Next Article in Journal
A Contemporary Introduction to Essential Oils: Chemistry, Bioactivity and Prospects for Australian Agriculture
Next Article in Special Issue
Biochars Derived from Gasified Feedstocks Increase the Growth and Improve Nutrient Acquisition of Triticum aestivum (L.) Grown in Agricultural Alfisols
Previous Article in Journal
Provenancing Flower Bulbs by Analytical Fingerprinting: Convallaria Majalis
Article Menu

Export Article

Open AccessArticle
Agriculture 2015, 5(1), 30-47;

Pine Woodchip Biochar Impact on Soil Nutrient Concentrations and Corn Yield in a Silt Loam in the Mid-Southern U.S.

Department of Crop, Soil, and Environmental Sciences, University of Arkansas, 115 Plant Sciences, Fayetteville, AR 72701, USA
Author to whom correspondence should be addressed.
Academic Editor: Bin Gao
Received: 19 December 2014 / Revised: 9 January 2015 / Accepted: 27 January 2015 / Published: 4 February 2015
(This article belongs to the Special Issue Effects of Biochar on Soil Fertility and Crop Production)
Full-Text   |   PDF [270 KB, uploaded 4 February 2015]   |  


Biochar has altered plant yields and soil nutrient availability in tropical soils, but less research exists involving biochar additions to temperate cropping systems. Of the existing research, results vary based on soil texture, crop grown, and biochar properties. The objective of this study was to determine the effects of pine (Pinus spp.) woodchip biochar at 0, 5, and 10 Mg·ha−1 rates combined with urea nitrogen (N) on soil chemical properties and corn (Zea mays L.) yield under field conditions in the first growing season after biochar addition in a silt-loam alluvial soil. Biochar combined with fertilizer numerically increased corn yields, while biochar alone numerically decreased corn yields, compared to a non-amended control. Corn nitrogen uptake efficiency (NUE) was greater with 10 Mg·ha−1 biochar compared to no biochar. There were limited biochar effects on soil nutrients, but biochar decreased nitrate, total dissolved N, and Mehlich-3 extractable sulfur and manganese concentrations in the top 10 cm. Pine woodchip biochar combined with N fertilizer has the potential to improve corn production when grown in silt-loam soil in the mid-southern U.S. by improving NUE and increasing yield. Further research will be important to determine impacts as biochar ages in the soil. View Full-Text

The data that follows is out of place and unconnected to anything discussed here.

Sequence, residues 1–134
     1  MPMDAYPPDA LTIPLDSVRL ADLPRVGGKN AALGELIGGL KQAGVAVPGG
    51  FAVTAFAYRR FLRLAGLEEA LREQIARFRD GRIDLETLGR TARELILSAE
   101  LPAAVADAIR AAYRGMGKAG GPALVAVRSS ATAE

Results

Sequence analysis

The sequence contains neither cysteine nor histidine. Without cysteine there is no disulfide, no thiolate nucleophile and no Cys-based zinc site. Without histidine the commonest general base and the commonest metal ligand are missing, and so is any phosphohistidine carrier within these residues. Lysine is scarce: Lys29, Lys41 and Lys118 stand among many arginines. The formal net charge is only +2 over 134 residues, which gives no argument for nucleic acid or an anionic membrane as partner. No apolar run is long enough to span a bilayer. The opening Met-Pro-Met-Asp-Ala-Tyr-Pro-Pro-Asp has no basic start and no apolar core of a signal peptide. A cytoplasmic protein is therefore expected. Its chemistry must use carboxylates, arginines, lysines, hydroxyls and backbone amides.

Keywords: biochar; soil microorganisms; temperate agroecosystem; corn production biochar; soil microorganisms; temperate agroecosystem; corn production

Figure 1

This is an open access article distributed under the Creative Commons Attribution License which permits unrestricted use, distribution, and reproduction in any medium, provided the original work is properly cited (CC BY 4.0).

Share & Cite This Article

MDPI and ACS Style

Brantley, K.E.; Savin, M.C.; Brye, K.R.; Longer, D.E. Pine Woodchip Biochar Impact on Soil Nutrient Concentrations and Corn Yield in a Silt Loam in the Mid-Southern U.S.. Agriculture 2015, 5, 30-47.

Show more citation formats Show less citations formats

Related Articles

Article Metrics

Article Access Statistics



[Return to top]
Agriculture EISSN 2077-0472 Published by MDPI AG, Basel, Switzerland RSS E-Mail Table of Contents Alert
Back to Top